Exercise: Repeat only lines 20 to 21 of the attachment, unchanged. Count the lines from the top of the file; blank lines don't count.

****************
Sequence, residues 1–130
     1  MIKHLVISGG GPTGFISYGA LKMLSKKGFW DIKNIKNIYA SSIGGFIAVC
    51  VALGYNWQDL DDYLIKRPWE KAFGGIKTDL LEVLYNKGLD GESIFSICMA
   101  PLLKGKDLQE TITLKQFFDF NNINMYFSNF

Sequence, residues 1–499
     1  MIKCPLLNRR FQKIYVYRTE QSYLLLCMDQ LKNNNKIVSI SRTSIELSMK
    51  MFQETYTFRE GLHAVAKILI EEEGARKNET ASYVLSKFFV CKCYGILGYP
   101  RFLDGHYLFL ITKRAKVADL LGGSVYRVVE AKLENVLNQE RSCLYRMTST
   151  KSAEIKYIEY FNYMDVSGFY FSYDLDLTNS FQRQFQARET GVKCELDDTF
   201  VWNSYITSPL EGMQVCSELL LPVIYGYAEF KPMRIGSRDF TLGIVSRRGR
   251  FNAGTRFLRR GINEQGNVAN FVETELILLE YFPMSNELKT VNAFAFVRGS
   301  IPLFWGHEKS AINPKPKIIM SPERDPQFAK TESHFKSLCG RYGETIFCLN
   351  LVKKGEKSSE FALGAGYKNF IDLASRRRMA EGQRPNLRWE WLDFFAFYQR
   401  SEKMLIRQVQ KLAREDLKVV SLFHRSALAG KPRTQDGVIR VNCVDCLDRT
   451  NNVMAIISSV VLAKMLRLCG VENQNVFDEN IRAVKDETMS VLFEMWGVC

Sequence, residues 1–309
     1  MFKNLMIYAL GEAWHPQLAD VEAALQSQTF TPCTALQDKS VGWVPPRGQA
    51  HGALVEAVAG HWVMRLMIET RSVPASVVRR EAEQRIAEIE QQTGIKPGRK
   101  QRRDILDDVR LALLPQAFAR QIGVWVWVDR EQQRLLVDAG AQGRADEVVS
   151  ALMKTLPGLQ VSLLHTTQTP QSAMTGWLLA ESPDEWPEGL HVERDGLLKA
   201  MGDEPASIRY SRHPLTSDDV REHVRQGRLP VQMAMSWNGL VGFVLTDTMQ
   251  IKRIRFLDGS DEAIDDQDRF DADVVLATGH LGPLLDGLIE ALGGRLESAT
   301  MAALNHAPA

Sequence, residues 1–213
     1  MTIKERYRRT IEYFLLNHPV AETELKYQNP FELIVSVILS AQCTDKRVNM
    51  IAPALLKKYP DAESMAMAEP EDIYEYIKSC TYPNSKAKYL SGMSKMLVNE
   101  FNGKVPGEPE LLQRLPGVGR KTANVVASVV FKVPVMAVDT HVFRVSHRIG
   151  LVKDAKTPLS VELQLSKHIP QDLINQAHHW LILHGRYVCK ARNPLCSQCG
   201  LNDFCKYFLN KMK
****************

   151  ALMKTLPGLQ VSLLHTTQTP QSAMTGWLLA ESPDEWPEGL HVERDGLLKA
   201  MGDEPASIRY SRHPLTSDDV REHVRQGRLP VQMAMSWNGL VGFVLTDTMQ